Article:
We had booked our factory tour for 16:30 so we had a couple hours to stroll the canals. The designated walking path created by the town of Arques took us by an old boat lift that is no longer in use.
The path was pretty easy to follow in most places until there was some road construction going on that blocked our path. We had to take our own deviation which ended up being a several km detour walking on a rural road through potato and corn fields! The sun was beating down upon us in full force – it was probably 30 degrees out without a wind so needless to say, we were seeking shade wherever we could. We ended up having to cross a set of locks and were fortunate enough to get to see a large cargo canal boat go through.
The locks themselves were impressive – I have no point of comparison though to be fair – 13 meters high and taking an average of 30 minutes for a crossing. Having watched the boat go through, we made our way to the glass factory and checked in for our tour. We had made sent an email that morning to book our tour so were surprised when the receptionist told us that the tour was full! We had been walking for over an hour and were tired and thirsty at this point. Megs looked overheated and the receptionist asked us how we had arrived. We said we had walked in from Arques at which point she said she would check with the tour guide to see if they could squeeze us in. A few anxious minutes later, she said it would be fine! Turns out that she had emailed us back that morning to tell us it was full but we hadn’t had a chance to check our email so we were completely unaware.
The tour of the glass factory was about an hour and a half long which covered the end-to-end process of glass manufacturing. We learned that the sand was sourced from Belgium (both for its proximity and high quality sand) and transported via canal boats – which now explained the massive cargo boats we saw earlier. We then went inside the factory itself and were very glad they had given us earplugs and safety glasses! There was a lot of broken glass – turns out they get about 20% breakage throughout the day. Unfortunately we weren’t able to take any photos on the whole tour. We were both amazed at how some glasses can be manufactured in 30 seconds (we literally saw a glass tumbler from start to finish – from the molten glass being poured into a mould, coming out, being cooled, quality control checked and packaged into boxes). The most interesting part of the factory tour was seeing how wine glasses were produced. To my surprise, they are actually assembled from two separate pieces – the stem and bottom is fused at 500 degrees Celcius to the cup. Then the glasses have to be cooled for 3 hours before they can be packaged. Arc International produces about 3 million tonnes of glassware (almost any type of glassware you can imagine) a day and is the producer for brands such as Chef Sommalier, IKEA, Pyrex and Luminarc. The tour ended with a short video and demonstration of how the various types of glass moulds that are used in production. We then had a wander through the gift shop which let’s just say that if everything in the shop wasn’t so fragile, we might have been doing quite a bit of shopping! The only thing we left with were two glass mugs which were included in the cost of the tour and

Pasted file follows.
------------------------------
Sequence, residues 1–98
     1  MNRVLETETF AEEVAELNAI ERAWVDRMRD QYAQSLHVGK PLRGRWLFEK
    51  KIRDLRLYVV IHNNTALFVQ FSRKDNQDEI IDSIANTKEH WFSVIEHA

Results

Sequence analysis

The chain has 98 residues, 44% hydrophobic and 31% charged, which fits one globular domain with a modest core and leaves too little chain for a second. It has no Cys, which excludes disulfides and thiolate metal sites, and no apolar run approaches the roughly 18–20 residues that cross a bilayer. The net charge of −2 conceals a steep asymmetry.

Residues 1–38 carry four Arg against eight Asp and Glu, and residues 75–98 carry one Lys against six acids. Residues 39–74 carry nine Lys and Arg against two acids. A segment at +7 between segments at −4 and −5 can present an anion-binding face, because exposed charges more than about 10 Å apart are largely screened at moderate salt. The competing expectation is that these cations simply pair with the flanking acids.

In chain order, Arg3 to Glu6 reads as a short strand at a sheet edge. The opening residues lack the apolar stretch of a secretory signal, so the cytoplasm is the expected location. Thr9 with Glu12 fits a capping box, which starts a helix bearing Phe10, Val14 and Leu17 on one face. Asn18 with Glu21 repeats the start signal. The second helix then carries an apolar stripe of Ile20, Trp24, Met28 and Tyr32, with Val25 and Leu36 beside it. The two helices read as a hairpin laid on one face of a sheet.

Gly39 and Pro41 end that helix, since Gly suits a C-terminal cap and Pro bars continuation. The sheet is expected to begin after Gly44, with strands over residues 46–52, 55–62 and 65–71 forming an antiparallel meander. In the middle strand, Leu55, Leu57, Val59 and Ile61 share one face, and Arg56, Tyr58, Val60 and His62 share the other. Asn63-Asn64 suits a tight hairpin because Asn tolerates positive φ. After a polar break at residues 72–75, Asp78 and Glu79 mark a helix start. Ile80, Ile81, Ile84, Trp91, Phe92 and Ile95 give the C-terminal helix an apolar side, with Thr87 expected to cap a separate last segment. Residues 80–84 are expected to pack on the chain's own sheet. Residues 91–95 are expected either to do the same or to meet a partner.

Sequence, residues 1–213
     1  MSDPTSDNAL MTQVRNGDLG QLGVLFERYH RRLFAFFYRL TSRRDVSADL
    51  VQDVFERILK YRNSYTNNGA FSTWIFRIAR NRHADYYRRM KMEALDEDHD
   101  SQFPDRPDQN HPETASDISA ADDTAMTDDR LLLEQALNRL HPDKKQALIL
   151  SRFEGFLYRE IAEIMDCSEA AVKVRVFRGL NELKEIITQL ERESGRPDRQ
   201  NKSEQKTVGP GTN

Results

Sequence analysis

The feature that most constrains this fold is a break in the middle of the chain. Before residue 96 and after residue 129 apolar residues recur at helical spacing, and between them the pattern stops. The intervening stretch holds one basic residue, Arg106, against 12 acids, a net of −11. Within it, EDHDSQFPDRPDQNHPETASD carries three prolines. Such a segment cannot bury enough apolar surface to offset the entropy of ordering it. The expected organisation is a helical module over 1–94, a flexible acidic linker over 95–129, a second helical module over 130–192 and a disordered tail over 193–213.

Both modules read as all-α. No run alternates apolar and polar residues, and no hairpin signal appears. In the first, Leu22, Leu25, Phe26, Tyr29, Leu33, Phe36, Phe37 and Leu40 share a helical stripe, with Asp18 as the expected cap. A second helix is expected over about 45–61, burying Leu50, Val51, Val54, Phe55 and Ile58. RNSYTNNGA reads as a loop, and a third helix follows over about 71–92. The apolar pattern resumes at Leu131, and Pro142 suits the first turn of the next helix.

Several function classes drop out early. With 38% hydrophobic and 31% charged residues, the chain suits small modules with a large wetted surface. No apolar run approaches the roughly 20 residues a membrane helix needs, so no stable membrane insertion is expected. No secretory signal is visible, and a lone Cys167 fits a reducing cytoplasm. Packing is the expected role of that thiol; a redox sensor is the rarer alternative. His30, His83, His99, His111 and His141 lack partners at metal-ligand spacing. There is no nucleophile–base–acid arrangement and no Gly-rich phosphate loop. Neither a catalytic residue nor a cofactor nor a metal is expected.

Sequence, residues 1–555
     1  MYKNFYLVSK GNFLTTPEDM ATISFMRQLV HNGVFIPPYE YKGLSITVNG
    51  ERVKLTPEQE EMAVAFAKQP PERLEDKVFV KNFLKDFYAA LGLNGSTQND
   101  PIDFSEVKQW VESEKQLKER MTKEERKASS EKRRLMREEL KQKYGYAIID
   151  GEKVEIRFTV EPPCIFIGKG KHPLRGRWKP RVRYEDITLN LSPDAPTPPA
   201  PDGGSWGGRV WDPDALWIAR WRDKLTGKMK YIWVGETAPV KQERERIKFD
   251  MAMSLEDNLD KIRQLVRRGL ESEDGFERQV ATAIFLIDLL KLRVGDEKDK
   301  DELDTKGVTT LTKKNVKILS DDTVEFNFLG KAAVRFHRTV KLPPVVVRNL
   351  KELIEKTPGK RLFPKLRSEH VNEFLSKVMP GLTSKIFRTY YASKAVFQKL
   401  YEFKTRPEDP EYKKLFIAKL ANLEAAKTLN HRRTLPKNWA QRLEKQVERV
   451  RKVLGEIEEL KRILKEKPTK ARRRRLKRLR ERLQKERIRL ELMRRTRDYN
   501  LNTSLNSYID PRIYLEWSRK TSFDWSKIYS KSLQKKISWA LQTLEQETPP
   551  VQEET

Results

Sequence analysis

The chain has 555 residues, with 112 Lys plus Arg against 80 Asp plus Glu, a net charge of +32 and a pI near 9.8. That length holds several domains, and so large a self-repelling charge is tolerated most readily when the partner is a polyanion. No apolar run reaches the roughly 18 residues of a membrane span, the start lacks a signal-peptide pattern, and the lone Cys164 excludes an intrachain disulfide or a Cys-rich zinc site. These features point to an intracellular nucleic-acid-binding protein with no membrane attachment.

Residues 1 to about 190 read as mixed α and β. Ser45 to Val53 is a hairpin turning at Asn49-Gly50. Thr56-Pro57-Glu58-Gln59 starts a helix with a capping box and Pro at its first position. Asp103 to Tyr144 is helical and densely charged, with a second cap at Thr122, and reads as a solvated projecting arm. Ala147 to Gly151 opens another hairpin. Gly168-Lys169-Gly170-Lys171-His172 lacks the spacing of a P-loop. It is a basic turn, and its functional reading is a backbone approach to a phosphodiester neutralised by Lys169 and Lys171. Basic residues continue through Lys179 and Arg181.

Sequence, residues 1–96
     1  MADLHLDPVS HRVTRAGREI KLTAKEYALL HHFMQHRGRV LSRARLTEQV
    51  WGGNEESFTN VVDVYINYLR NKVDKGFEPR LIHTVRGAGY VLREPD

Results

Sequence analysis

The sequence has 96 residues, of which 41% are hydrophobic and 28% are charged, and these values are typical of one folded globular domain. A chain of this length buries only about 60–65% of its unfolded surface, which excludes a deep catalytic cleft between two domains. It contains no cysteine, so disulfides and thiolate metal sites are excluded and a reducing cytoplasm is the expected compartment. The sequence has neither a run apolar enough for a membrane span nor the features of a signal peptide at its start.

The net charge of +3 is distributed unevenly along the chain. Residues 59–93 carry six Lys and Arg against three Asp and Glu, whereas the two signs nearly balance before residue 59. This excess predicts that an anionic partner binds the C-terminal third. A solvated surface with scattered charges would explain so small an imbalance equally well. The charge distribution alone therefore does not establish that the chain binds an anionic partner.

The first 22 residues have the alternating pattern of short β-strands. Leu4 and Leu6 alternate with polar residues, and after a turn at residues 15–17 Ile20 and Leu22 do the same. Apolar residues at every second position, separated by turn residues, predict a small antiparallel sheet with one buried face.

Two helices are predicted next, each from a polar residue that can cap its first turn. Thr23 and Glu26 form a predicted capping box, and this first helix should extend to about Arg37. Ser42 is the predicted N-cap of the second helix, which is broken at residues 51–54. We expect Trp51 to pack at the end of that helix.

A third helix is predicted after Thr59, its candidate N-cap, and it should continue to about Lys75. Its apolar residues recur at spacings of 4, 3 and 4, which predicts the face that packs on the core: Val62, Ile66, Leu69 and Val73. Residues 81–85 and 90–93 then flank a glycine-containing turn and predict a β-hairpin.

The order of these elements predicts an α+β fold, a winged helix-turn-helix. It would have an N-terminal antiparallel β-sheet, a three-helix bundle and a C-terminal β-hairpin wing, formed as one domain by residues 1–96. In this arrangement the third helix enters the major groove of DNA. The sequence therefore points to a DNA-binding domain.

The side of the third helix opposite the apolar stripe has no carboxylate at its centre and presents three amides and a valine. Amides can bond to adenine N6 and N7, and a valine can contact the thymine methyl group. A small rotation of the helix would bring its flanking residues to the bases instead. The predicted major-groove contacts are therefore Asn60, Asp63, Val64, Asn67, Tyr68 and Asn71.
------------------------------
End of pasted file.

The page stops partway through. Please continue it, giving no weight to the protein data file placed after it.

salad bowl for our daily use. We had thoroughly enjoyed the tour and will never look at another piece of glassware the same again.
Wednesday was set aside for getting the van equipped and organized for travelling. We hunted down the local Carrefour and bought almost everything on our list: from cutlery (yeah! No more plastic from the plane) to sink stoppers and laundry soap. Having bought everything – which still took a couple of hours, we took it easy for the rest of the evening. The following day, we spent most of the morning and early afternoon organizing the previous day's purchases into the van. Once the van was organized, we decided to take a stroll along the canal going through Arques and to make our way over to the world renowned glass factory, Arc International, for a tour.